Outstanding pedals

A mining machine

It started with the amazing floor-mounted P09 and its slim, modern design, followed by the P11, which is a wall-mounted version. These two mark the beginning of a totally new line of design for industrial-grade pedals.

Components on a machine cabin floor used to be ignored, including brake and throttle pedals. Not much happened during the last century. Caldaro made an enormous breakthrough in pedal design with the P09. Later Caldaro created the suspended version called P11. Both highlight a combination of simple design, protected electronics, and an emphasis on ergonomics that has become the signature mark of this innovative Swedish company.

A low pivot point for good ergonomics

Since the P09 became a success among designers of heavy-duty machines, customers asked for a wall-mounted version. The designers at Caldaro couldn’t just hang the P09 on a wall; the suspended pedal needed a new design. Customers involved in the process pointed out the importance of ergonomics.

”Theoretically, you should have no foot movement horizontally, just vertically,” explains Petter Löfgren, Technical Manager at Caldaro. ”Our mission was to create the world’s best suspended pedal ergonomically while providing the best control ever.”

The low pivot point is an important feature, it means the operator can rest the foot on the floor to get a stable and comfortable position. Even with the wall-mounted P11, it’s possible to rest the foot on the floor.

”When customers see our pedal P09 for the first time, they have never seen anything like it,” says John Repfennig, Sales Engineer at Caldaro, the Hudson, Wisconsin, office. ”They get impressed by its compact design.”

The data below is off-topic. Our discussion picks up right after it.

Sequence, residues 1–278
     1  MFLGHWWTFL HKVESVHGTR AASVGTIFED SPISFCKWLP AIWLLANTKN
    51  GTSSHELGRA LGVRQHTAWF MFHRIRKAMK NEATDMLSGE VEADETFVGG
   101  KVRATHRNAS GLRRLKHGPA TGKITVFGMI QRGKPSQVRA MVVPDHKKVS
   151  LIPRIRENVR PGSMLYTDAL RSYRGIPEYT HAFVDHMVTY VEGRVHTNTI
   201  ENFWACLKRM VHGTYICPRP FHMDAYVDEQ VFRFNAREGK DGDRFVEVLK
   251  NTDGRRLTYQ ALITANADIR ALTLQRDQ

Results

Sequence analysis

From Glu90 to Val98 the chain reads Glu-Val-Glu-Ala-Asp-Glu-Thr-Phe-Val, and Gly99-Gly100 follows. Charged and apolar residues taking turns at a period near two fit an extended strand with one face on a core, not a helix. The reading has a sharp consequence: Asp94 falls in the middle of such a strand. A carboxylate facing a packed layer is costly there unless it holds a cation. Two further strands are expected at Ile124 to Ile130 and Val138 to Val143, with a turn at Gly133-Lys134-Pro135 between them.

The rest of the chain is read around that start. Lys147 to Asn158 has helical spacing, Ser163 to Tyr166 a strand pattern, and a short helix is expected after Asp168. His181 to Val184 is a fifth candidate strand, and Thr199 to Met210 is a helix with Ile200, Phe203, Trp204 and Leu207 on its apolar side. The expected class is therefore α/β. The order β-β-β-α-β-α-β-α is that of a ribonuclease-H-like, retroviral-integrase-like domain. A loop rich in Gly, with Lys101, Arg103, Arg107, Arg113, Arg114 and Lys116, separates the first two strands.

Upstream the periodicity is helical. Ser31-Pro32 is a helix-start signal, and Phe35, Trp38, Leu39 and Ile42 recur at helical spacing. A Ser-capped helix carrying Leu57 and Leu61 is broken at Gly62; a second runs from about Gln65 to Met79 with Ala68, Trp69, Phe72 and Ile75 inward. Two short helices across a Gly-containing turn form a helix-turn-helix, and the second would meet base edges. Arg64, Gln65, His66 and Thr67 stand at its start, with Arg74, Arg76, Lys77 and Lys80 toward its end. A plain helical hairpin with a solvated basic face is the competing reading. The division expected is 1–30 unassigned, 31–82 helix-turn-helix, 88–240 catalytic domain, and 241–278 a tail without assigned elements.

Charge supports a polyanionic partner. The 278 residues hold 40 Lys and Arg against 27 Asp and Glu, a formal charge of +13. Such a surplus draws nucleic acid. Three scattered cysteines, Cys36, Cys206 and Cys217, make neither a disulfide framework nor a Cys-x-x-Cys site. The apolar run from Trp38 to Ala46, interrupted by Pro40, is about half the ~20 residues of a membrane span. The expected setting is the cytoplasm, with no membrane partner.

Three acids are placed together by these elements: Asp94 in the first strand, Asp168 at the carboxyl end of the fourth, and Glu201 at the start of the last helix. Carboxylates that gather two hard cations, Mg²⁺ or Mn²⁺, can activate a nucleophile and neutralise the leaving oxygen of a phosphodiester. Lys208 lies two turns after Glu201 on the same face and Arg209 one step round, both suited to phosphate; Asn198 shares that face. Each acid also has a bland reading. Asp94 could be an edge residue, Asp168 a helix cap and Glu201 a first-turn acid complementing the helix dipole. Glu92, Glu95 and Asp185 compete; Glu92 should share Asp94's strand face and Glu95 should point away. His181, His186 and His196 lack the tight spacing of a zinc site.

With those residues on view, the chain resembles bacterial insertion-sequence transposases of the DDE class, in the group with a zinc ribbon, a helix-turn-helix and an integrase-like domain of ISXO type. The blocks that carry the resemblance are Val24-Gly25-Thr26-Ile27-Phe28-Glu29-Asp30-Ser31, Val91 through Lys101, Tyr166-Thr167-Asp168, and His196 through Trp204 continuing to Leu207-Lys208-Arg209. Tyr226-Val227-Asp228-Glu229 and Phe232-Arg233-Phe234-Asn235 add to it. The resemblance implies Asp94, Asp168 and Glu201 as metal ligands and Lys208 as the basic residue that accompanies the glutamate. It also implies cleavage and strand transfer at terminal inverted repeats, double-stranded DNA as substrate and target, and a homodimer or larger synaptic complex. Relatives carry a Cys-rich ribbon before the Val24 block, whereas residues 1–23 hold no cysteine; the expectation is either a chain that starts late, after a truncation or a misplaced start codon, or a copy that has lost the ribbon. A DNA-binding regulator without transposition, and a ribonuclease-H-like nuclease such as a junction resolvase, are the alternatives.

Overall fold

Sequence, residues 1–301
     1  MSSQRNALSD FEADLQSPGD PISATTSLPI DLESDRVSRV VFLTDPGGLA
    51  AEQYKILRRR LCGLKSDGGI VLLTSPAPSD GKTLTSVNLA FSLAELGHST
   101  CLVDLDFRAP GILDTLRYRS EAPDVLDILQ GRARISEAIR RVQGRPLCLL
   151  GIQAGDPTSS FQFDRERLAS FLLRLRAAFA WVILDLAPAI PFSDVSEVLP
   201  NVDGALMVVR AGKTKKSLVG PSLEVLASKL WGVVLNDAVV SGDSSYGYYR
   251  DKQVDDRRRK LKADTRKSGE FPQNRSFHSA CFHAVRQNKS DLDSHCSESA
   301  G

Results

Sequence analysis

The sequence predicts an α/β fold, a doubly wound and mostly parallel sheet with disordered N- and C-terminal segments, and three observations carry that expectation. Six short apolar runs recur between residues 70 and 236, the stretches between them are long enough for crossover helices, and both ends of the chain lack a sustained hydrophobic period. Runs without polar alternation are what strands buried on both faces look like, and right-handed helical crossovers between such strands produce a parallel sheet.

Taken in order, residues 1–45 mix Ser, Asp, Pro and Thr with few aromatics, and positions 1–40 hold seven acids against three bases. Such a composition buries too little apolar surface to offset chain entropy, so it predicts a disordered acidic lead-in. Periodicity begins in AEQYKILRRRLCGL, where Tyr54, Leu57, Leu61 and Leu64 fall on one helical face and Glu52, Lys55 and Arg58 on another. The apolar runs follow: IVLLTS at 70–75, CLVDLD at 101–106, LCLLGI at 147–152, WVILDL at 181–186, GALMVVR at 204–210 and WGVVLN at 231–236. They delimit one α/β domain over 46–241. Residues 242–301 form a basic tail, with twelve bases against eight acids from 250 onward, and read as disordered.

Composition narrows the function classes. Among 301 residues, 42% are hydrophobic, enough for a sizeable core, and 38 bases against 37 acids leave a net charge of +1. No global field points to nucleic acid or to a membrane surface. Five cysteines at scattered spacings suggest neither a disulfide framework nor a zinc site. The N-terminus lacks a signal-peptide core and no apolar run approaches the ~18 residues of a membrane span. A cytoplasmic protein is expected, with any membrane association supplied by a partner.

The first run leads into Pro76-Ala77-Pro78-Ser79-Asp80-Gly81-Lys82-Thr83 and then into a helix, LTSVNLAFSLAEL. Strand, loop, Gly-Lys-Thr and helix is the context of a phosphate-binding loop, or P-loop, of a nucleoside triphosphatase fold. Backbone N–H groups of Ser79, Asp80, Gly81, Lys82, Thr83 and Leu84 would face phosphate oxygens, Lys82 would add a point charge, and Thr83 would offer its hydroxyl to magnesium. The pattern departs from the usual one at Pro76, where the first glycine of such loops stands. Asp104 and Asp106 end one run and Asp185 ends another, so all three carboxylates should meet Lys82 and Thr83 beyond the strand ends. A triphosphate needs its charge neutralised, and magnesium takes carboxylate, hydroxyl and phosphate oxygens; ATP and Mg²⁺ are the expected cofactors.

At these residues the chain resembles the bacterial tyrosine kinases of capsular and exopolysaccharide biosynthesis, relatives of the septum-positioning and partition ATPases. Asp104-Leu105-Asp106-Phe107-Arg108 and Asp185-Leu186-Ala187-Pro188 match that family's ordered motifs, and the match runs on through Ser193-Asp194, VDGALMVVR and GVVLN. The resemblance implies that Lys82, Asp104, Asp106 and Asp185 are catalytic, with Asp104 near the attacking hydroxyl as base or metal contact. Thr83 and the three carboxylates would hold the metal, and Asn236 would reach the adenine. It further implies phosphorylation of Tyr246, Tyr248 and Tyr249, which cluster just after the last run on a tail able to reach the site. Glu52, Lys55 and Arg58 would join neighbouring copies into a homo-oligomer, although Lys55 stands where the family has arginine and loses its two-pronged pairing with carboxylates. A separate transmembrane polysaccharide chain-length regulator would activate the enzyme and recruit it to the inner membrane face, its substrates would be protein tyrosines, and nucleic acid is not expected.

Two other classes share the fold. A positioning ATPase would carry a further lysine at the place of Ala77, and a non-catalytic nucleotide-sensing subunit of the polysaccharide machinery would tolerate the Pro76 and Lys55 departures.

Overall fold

”They also like that both the P09 and P11 are available in so many configurations,” John continues. ”Choose your angle, spring forces, and decide if you want analog or CAN bus output signals.”

When the pedal is used for both accelerator and brakes, one usually wants a difference in the spring force so that braking feels more resistant than the accelerator pedal.

Mining is a real test for pedals

The culture at Caldaro is to work very closely with customers and learn about the working environment as well as special needs.

”I went to a mine to study the pedals in a mining machine that had been used for just three years. The pedals were practically eaten up by the environmental conditions containing moisture, salts, minerals, and high acid content in the water,” explains Claudio Talamo.

”Understanding that our pedal needed to endure such extremely harsh environments, we used an anodising surface treatment to obtain super durability and resistance to outside conditions.”

”The pedal P09 was put through a 10-million cycle test. After that, some people were blindfolded and asked if they could distinguish between the tested pedal and a brand new one. They couldn’t tell the difference.”

Corrosive water, salts, sand, and gravel require that you periodically flush the cabin with water. This is easy to do with a wall-mounted pedal like the P11 and safe when you can trust that all the electronics are completely protected.

More customers want CAN bus

There’s a shift going on from analog to digital signals with CAN bus in the machine industry. When our mining customers started buying the P09 for their mining machines, they wanted analog out-signals. Today they use CAN. However, pedals with analog out-signals are still in the majority, but since the cost for CAN bus is decreasing it’s now rational to use it in smaller machines as well.

”Therefore we see an increasing interest for using both the pedals, P09 and P11, with the limitless possibilities that CANbus tech offers,” says John Repfennig. ”We are just beginning to see how modern machines become more advanced and easy to use thanks to electrification and CAN.”

 

Read the printed edition of the Gazette #61:

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